Do not mask the mask: Use it as a premedicant

Creative Commons License

Aydın T., Şahin L., Algın M. C., Kabay Ş., Yücel M., Hacıoğlu A., ...More

Paediatric Anaesthesia, vol.18, no.2, pp.107-112, 2008 (SCI-Expanded) identifier identifier identifier

  • Publication Type: Article / Article
  • Volume: 18 Issue: 2
  • Publication Date: 2008
  • Doi Number: 10.1111/j.1460-9592.2007.02381.x
  • Journal Name: Paediatric Anaesthesia
  • Journal Indexes: Science Citation Index Expanded (SCI-EXPANDED), Scopus
  • Page Numbers: pp.107-112
  • Keywords: anesthesia mask, mask acceptance, gaseous induction, pediatric anesthesia, PREOPERATIVE ANXIETY, PARENTAL PRESENCE, CHILDREN, INDUCTION, ANESTHESIA, SURGERY, PREDICTORS, OUTCOMES
  • Kütahya Health Sciences University Affiliated: No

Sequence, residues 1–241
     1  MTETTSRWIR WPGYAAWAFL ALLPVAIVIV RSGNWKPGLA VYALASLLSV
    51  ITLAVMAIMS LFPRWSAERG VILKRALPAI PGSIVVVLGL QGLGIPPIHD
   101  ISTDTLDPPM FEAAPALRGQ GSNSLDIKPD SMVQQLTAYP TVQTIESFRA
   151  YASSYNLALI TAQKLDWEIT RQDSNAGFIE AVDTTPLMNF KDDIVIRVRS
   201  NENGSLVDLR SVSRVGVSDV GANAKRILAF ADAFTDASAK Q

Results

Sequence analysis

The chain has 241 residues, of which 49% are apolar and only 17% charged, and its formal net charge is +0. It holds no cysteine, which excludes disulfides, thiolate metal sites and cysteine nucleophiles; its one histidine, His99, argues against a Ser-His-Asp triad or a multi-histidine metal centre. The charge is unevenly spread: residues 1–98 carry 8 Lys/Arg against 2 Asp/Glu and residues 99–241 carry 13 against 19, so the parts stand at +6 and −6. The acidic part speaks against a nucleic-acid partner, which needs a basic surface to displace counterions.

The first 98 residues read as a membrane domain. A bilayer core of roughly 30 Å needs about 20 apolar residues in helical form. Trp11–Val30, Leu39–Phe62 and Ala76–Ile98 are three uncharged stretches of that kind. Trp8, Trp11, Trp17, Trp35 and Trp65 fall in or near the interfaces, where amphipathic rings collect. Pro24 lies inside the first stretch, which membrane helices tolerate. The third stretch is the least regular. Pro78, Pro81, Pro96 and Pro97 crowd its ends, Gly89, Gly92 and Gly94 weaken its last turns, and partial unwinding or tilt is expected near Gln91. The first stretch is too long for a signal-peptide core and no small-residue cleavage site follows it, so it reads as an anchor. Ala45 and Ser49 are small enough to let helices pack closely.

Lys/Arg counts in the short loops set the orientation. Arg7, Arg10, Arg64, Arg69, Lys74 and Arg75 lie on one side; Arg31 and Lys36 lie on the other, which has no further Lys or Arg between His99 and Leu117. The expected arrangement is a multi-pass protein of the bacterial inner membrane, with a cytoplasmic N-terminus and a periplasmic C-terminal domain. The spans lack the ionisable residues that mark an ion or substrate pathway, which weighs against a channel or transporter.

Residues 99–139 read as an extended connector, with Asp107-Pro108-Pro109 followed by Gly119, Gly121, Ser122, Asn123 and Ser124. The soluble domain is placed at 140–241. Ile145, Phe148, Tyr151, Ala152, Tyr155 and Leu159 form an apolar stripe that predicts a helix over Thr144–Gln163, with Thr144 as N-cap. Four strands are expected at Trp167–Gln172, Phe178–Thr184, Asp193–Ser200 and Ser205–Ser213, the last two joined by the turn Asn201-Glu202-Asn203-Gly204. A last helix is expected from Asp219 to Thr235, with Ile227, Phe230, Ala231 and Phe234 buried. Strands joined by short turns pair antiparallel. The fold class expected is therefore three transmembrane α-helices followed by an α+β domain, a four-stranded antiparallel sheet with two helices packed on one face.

Background: Preoperative anxiety frequently causes resistance to mask application and prolongs induction. Anesthesia masks resembling popular heroes or toys was used to deal with this problem. An anesthesia mask given on a preoperative visit to play with at home, may aid to establish a familiarity with the mask and alleviate mask fear, possibly making a gaseous induction more acceptable. Methods: After approval of the ethical committee, 50 children were randomly assigned into two groups. Both groups received conventional verbal information about the anesthetists, materials and equipment to be used for the procedure, description of gaseous induction via mask and transportation to the operating room. Additionally transparent anesthesia masks were given to children in the mask group after conventional verbal information. Both groups were premedicated with 0.3 mg·kg-1 midazolam. Anxiety was assessed during separation from parents and induction of anesthesia by a modified Yale Preoperative Anxiety Scale. Mask acceptance quality and total mask time (TMT; time between the introduction of mask anesthesia and the loss of lid reflex) were also determined. Results: Anxiety levels in the informed group were statistically higher than in the mask group during induction of anesthesia (26 ± 1.8 vs 30 ± 2.9, P < 0.05). Mask acceptance quality was better in the mask group than in the informed group (IG). TMTs were 5.1 ± 1.3 and 7 ± 0.9 min in the mask group and in the IG, respectively. Conclusions: Playing with an anesthesia mask given during a preanesthesia visit relieved anxiety, improved mask acceptance quality and shortened the induction period. We believe that this type of premedication would be feasible in gaseous induction of anesthesia in children. © 2007 The Authors.